The True Neutral character takes care not to find themselves involved in others’ business and, as such, will have to weigh whether or not it is worth it to help someone that they don’t know.
Each moment is viewed for what it is and the True Neutral character acts accordingly.
More often than not, these characters prefer to stay out of the business of those around them. Instead, True Neutral characters tend to heavily focus on their own pursuits with little to no regard for issues that don’t directly concern them.
True Neutral examples include:
- Sherlock Holmes (Sherlock Holmes)
- Lara Croft (Tomb Raider)
- Treebeard (Lord of the Rings)
- Dr. Manhattan (Watchmen)
Chaotic Neutral spirits are the very definition of a free spirit.
Like Chaotic Good characters, they don’t care for laws, restrictions, or any government. However, unlike Chaotic Good characters, they focus primarily on their own well-being before concerning themselves with the needs of others.
Because they tend to be selfish, it’s not unreasonable to expect a Chaotic Neutral character to attempt to take the best loot for themselves or turn tail and run if a situation is looking dire.
Nevertheless, a Chaotic Neutral character is filled with surprises and may follow a selfish action just as quickly with an altruistic one.
Chaotic Neutral examples include:
- Cat Woman (DC Comics)
- Captain Jack Sparrow (Pirates of the Caribbean)
- Deadpool (Marvel)
- Rocket Raccoon (Marvel)
- Harley Quinn (DC Comics)
- Smeagol/Gollum (Lord of the Rings)
Just because they’re evil doesn’t mean that Lawful Evil characters don’t uphold a strict order (though most often they find themselves conveniently at the top of such an order.)
Lawful Evil characters are commonly diabolical masterminds, merciless conquerors, or corrupt officials.
The Lawful Evil character adheres to a clear hierarchy in which the weakest remain at the bottom where they belong. Rising in the hierarchy is indicative of a person’s strength and maintaining the codes of an organization is key in such a system.
Of course, those higher up in the hierarchy must never get too comfortable lest they find themselves quickly deposed by similarly ambitious underlings.
Lawful Evil examples include:
- Cersei Lannister (Game of Thrones)
- Wilson Fisk/The Kingpin (Marvel Comics)
- Dolores Umbridge (Harry Potter)
- Darth Vader (Star Wars)
- Sauron (Lord of the Rings)
Evil is as evil does and the Neutral Evil character does whatever they can get away with.
There’s not necessarily some grand evil plan that they are scheming nor do they necessarily crave the wanton destruction like their Chaotic Evil counterparts.
Rather, the Neutral Evil character simply seeks to take what they want and has no concern about whose hands they have to step on to get it. If scheming or wanton destruction is necessary to achieve those goals, then so be it!
That said, a Neutral Evil character isn’t stupid and doesn’t allow their opportunistic nature to create unnecessarily risky situations for themselves.
Sometimes it may be more prudent to play along with the rules of a situation if it opens up opportunities to manipulate others into getting the character what they want.
As long as someone is still useful to the Neutral Evil character, they may be safe… for now…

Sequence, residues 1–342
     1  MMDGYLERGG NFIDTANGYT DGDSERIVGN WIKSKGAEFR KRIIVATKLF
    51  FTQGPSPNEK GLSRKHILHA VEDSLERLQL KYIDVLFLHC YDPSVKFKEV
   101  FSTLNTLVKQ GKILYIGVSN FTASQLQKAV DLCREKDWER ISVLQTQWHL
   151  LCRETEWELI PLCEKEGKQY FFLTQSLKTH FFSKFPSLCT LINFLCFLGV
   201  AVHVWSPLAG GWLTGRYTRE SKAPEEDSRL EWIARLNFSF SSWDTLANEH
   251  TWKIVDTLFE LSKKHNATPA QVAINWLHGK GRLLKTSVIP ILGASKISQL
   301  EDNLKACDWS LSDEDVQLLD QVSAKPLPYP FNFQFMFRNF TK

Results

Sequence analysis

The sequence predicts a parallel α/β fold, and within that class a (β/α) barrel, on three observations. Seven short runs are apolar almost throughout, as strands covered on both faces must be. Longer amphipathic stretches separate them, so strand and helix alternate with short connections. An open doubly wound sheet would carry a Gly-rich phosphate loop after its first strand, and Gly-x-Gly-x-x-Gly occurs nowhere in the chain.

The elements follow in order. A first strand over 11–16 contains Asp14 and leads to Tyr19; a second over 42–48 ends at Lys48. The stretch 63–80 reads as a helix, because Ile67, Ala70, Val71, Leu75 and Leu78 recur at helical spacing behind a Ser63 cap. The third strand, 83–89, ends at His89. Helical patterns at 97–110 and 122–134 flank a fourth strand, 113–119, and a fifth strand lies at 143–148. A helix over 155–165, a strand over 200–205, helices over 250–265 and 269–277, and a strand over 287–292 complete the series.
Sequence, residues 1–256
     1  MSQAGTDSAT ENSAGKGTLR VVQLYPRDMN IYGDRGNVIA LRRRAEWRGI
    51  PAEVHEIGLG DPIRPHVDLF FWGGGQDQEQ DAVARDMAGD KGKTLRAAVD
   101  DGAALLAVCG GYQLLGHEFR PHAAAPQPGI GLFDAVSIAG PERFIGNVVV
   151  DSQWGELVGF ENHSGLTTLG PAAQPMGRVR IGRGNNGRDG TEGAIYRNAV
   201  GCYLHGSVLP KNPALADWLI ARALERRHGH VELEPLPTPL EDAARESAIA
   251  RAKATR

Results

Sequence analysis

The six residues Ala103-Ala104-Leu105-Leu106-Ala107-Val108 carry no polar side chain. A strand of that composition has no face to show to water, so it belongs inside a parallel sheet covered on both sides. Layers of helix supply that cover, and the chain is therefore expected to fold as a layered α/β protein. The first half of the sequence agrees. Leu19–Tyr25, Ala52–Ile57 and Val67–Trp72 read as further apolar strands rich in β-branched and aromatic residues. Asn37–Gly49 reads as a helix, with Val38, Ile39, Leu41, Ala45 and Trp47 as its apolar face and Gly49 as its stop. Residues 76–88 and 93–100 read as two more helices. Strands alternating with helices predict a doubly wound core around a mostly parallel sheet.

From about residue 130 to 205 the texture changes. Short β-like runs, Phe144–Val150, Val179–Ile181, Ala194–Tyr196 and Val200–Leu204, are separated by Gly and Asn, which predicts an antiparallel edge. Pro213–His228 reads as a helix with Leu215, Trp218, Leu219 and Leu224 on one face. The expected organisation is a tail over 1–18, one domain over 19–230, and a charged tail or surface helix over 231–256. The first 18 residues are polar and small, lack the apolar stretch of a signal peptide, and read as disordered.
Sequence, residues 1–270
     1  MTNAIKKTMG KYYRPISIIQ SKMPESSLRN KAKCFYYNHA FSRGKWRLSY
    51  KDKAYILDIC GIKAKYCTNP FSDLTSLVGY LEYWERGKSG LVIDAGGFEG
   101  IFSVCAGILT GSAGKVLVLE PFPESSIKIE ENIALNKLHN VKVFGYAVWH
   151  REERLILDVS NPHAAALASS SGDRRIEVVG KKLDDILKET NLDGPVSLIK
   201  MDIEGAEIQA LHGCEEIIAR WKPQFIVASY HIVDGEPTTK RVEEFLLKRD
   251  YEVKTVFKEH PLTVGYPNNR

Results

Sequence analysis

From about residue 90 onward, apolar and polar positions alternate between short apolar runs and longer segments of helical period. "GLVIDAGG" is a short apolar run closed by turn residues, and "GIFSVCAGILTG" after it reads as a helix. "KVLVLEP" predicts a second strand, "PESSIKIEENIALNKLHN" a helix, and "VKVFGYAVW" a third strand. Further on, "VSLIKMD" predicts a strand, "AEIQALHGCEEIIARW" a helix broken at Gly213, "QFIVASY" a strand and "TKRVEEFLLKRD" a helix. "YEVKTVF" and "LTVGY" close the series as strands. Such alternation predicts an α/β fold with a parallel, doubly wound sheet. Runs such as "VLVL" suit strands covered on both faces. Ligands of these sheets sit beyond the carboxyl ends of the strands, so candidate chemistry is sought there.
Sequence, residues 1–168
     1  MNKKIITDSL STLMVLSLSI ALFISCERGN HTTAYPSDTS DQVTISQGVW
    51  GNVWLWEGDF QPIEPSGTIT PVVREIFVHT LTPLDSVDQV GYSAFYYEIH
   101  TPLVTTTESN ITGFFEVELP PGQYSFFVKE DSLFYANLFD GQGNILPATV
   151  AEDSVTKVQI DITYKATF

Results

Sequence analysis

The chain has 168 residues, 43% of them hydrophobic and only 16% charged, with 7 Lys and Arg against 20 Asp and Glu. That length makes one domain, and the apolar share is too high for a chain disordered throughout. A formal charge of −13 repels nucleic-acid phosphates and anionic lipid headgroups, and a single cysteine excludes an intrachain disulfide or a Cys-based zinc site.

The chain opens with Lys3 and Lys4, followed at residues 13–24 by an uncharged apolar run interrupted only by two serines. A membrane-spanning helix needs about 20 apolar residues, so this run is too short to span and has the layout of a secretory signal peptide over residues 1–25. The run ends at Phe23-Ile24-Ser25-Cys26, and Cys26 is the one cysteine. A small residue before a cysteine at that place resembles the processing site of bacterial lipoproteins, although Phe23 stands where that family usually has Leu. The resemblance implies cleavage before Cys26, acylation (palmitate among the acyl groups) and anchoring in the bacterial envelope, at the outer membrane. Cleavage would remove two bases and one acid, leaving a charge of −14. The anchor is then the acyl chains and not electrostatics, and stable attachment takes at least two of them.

Neutral Evil examples include:
- Voldemort (Harry Potter)
- Mystique (Marvel)
- Shang Tsung (Mortal Kombat)
- Littlefinger (Game of Thrones)
- Magneto (Marvel)
- Saruman (Lord of the Rings)
Greedy, selfish, and destructive, the Chaotic Evil character just wants to watch the world burn.
These aren’t typically your characters with any kind of plan. Rather, they cause harm simply because they want to. They lie, steal, and cheat because they want to!
Because they lie so often, it’s rare to find a Chaotic Evil character working with others. Even amongst evil characters, aligning with a Chaotic Evil person is hardly a good move for anyone who values their own life or expects a sense of order.
If a Chaotic Evil character isn’t alone, those around them are likely to be just as twisted and cruel as they are. If they aren’t, then they’re probably terrified of whatever the character will do next and make it a point to stay on their good side!
There is no low that these characters won’t stoop to in pursuit of their selfish desires.
With fickle attitudes and virtually no predictability to their behavior, Chaotic Evil characters are perhaps the most terrifying alignment.
It’s no wonder that this alignment is so common amongst demons, Chromatic dragons, and other such destructive creatures!
Chaotic Evil examples include:
- The Joker (DC Comics)
- Alex DeLarge (A Clockwork Orange)
- Ramsay Bolton (Game of Thrones)
- Joffrey Baratheon (Game of Thrones)
- Smaug (The Hobbit)
Conclusion – D&D Alignments Explained
I hope you’ve found this article helpful!
Just remember that alignment is meant to be a way of loosely expressing how a character interacts with the world. Just like in real life, it’s pretty difficult to definitively put someone in one category.
I mean, many of the famous characters that I put as examples could potentially be argued as being a different alignment!
It’s all relative and there’s almost always a ton of gray area when it comes to these things. Luckily, that means you’ve got plenty of room to explore your character!
Got questions about alignment in D&D 5e? Let’s chat in the comments!